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Cosmic fireworks, a stunning comet and a rare image of the Moon: The shortlist for Astronomy Photographer of the Year

Published: 05th July, 2022 at 00:01
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Take a look at some awe-inspiring space images up for this year's top astrophotography prize.

An impressive batch of accomplished images are in the running for this year's Astronomy Photographer of the Year 2022. The competition is run by the Royal Observatory Greenwich, in association with BBC Sky at Night Magazine. This year the competition has received over 3,000 entries from passionate amateur and dedicated professional photographers, submitted from 67 countries across the globe. These have been whittled down by a team of expert judges, and we can now share our favourite images with you.

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Shortlisted images from this year’s competition include the Harvest Moon rising behind Glastonbury Tor in the United Kingdom, the lights of the Milky Way mirrored by the highest national highway in the world in Tibet, one of the most detailed amateur-produced maps of the lunar south pole, and a partial solar eclipse over Italy.

One of the astronomical highlights of 2021 was the discovery of Comet Leonard, a long period comet identified by GJ Leonard on 3 January 2021. It made its closest pass by Earth on 12 December 2021 and was the brightest comet of the year. Almost a quarter of submissions to the planets, comets and asteroids category focused on this single comet, including a spectacular image captured in Namibia by Lionel Majzik. “Photography was hampered by overcast weather conditions, but I was delighted to capture the incredibly spectacular Comet Leonard with its tail,” Majzik said.

Now in its fourteenth year, Astronomy Photographer of the Year has an expert panel of judges from the worlds of art and astronomy. The winners of the competition’s nine categories, two special prizes and the overall winner will be announced at a special online award ceremony on Thursday 15 September. The winning images will be displayed in an exhibition at the National Maritime Museum from Saturday 17 September, alongside a selection of exceptional shortlisted images.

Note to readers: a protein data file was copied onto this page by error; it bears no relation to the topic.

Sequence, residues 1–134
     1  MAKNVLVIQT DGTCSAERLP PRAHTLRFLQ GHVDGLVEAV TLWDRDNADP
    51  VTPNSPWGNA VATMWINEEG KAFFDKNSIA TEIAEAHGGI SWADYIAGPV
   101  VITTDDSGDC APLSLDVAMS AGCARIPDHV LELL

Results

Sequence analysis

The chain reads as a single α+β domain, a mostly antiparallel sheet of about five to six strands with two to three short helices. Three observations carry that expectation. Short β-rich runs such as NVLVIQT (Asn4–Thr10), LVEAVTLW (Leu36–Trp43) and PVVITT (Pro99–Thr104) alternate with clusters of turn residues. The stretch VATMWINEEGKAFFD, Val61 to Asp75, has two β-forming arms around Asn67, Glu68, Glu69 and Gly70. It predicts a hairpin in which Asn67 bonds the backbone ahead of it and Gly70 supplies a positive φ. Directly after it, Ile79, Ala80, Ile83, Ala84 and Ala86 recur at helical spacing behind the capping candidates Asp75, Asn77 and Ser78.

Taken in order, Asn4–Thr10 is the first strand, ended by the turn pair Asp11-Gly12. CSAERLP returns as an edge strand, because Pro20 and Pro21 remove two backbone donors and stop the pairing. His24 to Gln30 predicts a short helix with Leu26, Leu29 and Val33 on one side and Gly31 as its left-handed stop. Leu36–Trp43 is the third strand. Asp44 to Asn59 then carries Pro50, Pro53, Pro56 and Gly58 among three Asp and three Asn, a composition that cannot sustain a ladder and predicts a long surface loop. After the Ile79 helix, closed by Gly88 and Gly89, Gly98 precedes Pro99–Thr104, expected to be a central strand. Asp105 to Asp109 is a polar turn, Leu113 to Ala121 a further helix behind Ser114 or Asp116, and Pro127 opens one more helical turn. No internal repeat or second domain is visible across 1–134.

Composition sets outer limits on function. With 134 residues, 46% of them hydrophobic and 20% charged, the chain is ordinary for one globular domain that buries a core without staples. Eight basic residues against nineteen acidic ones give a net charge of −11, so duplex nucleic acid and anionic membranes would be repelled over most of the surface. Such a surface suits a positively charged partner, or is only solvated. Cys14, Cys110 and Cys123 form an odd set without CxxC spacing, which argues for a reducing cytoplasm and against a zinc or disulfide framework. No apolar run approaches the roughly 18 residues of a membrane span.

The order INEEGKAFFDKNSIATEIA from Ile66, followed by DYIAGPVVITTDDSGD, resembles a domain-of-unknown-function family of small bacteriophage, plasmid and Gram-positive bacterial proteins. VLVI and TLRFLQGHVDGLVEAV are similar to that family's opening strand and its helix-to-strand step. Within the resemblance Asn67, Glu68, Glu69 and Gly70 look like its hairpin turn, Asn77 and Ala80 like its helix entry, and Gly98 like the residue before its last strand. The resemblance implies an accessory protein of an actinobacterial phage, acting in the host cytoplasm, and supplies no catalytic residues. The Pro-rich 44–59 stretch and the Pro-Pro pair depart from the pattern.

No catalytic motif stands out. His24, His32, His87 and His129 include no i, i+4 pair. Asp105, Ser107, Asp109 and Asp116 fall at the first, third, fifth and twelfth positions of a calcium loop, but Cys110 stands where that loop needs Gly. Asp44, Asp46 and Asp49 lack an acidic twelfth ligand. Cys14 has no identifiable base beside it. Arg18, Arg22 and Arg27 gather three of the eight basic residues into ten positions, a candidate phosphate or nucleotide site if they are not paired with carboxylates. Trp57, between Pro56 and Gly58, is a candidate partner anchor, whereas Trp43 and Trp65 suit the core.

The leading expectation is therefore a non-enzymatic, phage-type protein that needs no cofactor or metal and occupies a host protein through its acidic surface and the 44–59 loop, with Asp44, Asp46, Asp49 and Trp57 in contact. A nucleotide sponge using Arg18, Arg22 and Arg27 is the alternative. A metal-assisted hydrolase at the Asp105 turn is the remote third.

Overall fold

We won't know who will walk away with the top prize for a while yet, but you can try to make your own predictions looking through the high quality of this year's entries.

Clouds of hydrogen gas

Clouds of hydrogen gas give way as the magnetic field lines of the Sun snap and clash together. These features around the edge of the Sun are known as prominences. Photo by Simon Tang/Astronomy Photographer of the Year

Moonrise over Los Angeles

Moonrise over LA
An alignment of the Moon, mountains and iconic skyline of Los Angeles, USA, following a winter storm on 18 December 2021. Photo by Sean Goebel/Astronomy Photographer of the Year

Comet C/2021 A1 (Leonard)

Comet Leonard was discovered by G.J. Leonard on 3 January 2021 and made its closest pass to Earth on 12 December 2021. The photographer secured some time with the robotic telescope at the Skygems Remote Observatories in Namibia on 27 December to capture this rare glimpse of a comet that will leave the Solar System and not be seen again. Photo by Lionel Majzik/Astronomy Photographer of the Year

Above the Lunar South Pole

Lunar South Pole
A composite of images of the lunar south pole created on two different dates (thus giving different views of the region). It one of the most detailed amateur-produced maps of this part of the Moon, which is very difficult to observe from Earth. Photo by Tom Glenn/Astronomy Photographer of the Year

The Crescent Nebula

A false-colour deep view of the Crescent Nebula in Cygnus, the result of shockwaves originating from the Wolf–Rayet star WR 134. Photo by Bray Falls/Astronomy Photographer of the Year

Radio telescope

The Mingantu Astronomical Observatory is in the Inner Mongolia Autonomous Region of China and is mainly used observe the Sun. Here, it is silhouetted against a starry night sky. Photo by Liu Xuemei/Astronomy Photographer of the Year

Solar inferno

Solar activity
The Sun looks different every time astrophotographers capture an image as new sunspots form, grow and eventually fade away. In this image, all wavelengths of light have been filtered out, except a narrow red band (known as the H-alphaline) to reveal an active region of change of the Sun. Photo by Stuart Green/Astronomy Photographer of the Year

Circles and curves

star trails
Viewed from under a quadruple arch, the stars circle around Polaris, in this stack of 33 four-minute exposures. California’s Sierra Nevada mountain range fills the horizon and Mount Whitney, the tallest peak in the continental United States, is on the far left. Photo by Sean Goebel/Astronomy Photographer of the Year

Busy star

Coronal activity Sun